Published July 25, 2017
WASHINGTON—A deeply divided U.S. House of Representatives has found at least one issue it can agree on across the board—combating human trafficking.
The House has approved more than a dozen anti-trafficking bills in recent weeks, with only three votes total against the proposals. Leading a trio of three measures passed July 12 was the Frederick Douglass Trafficking Victims Prevention and Protection Act, comprehensive legislation authorizing more than $500 million for four years to combat sex and labor trafficking.
The Senate must approve the bills before they can be signed by President Trump.
The Southern Baptist Ethics & Religious Liberty Commission hailed passage of the measures and their bipartisan support.
“We are grateful for the nearly unanimous, bipartisan support” that the anti-trafficking bills received in the House, said Travis Wussow, the ERLC’s vice president for public policy and general counsel. “Finding unity on eradicating human trafficking is worth celebrating.”
Wussow commended the sponsors and cosponsors of the three bills passed July 12.
“We applaud these legislators and many cosponsors for their leadership in this critical fight,” Wussow told Baptist Press in written comments. “These bills provide a multi-front effort to finally bring an end to human trafficking.”
Human trafficking is a global affliction that affects 20 to 45 million victims, according to estimates from different organizations. More than 70 percent are women or girls, according to a 2016 United Nations report. The leading types of slavery are sexual exploitation and forced labor. Traffickers earn a total profit of about $150 billion annually worldwide, the International Labor Organization reported in 2014.
The United States is not immune to the problem. An estimated 14,500 to 17,500 people are trafficked into the country each year, according to a State Department report on the subject in 2004.
The bill named after Douglass, the former slave who became a leading abolitionist, includes the following authorizations for the next four years:
-- $180 million to the State Department to, among other uses, train law enforcement in the U.S. and overseas to combat trafficking.
-- $161 million to the Justice Department to prosecute and convict traffickers and to support state and local law enforcement in the battle against trafficking.
-- $94 million to the Department of Health and Human Service to provide American and foreign victims in this country with housing and other services.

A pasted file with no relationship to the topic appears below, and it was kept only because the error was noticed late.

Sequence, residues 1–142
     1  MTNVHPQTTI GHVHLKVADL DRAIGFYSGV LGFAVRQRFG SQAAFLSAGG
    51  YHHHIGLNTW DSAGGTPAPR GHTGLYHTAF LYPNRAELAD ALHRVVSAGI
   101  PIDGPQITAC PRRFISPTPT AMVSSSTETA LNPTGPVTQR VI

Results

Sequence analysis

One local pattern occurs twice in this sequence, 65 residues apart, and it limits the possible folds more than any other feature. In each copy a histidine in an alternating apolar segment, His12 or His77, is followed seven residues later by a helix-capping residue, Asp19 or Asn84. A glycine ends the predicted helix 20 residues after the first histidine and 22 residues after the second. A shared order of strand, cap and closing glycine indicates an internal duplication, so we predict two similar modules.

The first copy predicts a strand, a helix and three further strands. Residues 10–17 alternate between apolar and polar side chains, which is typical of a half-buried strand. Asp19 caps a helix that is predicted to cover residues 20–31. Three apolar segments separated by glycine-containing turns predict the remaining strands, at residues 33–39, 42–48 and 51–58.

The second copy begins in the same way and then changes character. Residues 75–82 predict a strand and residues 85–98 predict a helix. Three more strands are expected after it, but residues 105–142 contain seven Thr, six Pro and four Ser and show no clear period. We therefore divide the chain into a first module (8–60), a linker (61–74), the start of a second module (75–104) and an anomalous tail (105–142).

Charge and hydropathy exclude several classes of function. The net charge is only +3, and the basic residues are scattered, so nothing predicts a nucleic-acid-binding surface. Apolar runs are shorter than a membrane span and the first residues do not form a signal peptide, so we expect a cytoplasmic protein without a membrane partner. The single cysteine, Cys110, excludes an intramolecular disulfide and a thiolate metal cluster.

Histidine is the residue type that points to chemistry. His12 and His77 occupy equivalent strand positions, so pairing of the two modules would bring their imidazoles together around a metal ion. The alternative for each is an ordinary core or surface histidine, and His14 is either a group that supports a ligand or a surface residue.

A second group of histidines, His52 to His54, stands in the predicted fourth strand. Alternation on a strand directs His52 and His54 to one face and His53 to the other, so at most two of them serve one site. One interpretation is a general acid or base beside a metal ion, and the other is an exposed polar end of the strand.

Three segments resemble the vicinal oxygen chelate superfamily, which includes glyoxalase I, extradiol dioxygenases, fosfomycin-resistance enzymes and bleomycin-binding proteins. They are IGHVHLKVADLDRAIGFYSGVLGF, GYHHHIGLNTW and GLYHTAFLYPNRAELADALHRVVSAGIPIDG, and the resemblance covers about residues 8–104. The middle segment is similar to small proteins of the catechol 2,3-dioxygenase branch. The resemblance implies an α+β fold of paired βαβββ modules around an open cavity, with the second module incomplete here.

-- $50 million to the president to help other countries eliminate trafficking and aid foreign victims.
-- $44 million to the Department of Homeland Security to investigate and extinguish international trafficking rings and to investigate Americans who abuse victims overseas.
The legislation’s sponsor—Rep. Chris Smith, R-N.J., author of the original anti-trafficking law in 2000—described the proposal as “a whole-of-government approach, designed to strengthen, expand and create new initiatives to protect victims, prosecute traffickers and prevent this cruelty and exploitation from happening in the first place.”
The other two measures approved by the House were the Empowering Law Enforcement to Fight Sex Trafficking Demand Act, sponsored by Rep. Vicky Hartzler, R-Mo., and the Enhancing Detection of Human Trafficking Act, sponsored by Rep. Tim Walberg, R-Mich.
Hartzler’s bill would expand the Justice Department’s ability to help local law enforcement authorities to arrest men who buy sex from victims. Walberg’s proposal would support training of Labor Department employees to identify and aid trafficking victims.
House action on the three bills came barely two weeks after the State Department issued its annual Trafficking in Persons report.
The report showed only 14,897 trafficking prosecutions took place globally in 2016, with 9,071 convictions. The Justice Department, however, increased its convictions from 297 traffickers in 2015 to 439 in 2016, according to the report.(BP)
Not a subscriber? Want to see more content like this article?
Please subscribe to the Western Recorder print or online edition.
Already a subscriber? Login here.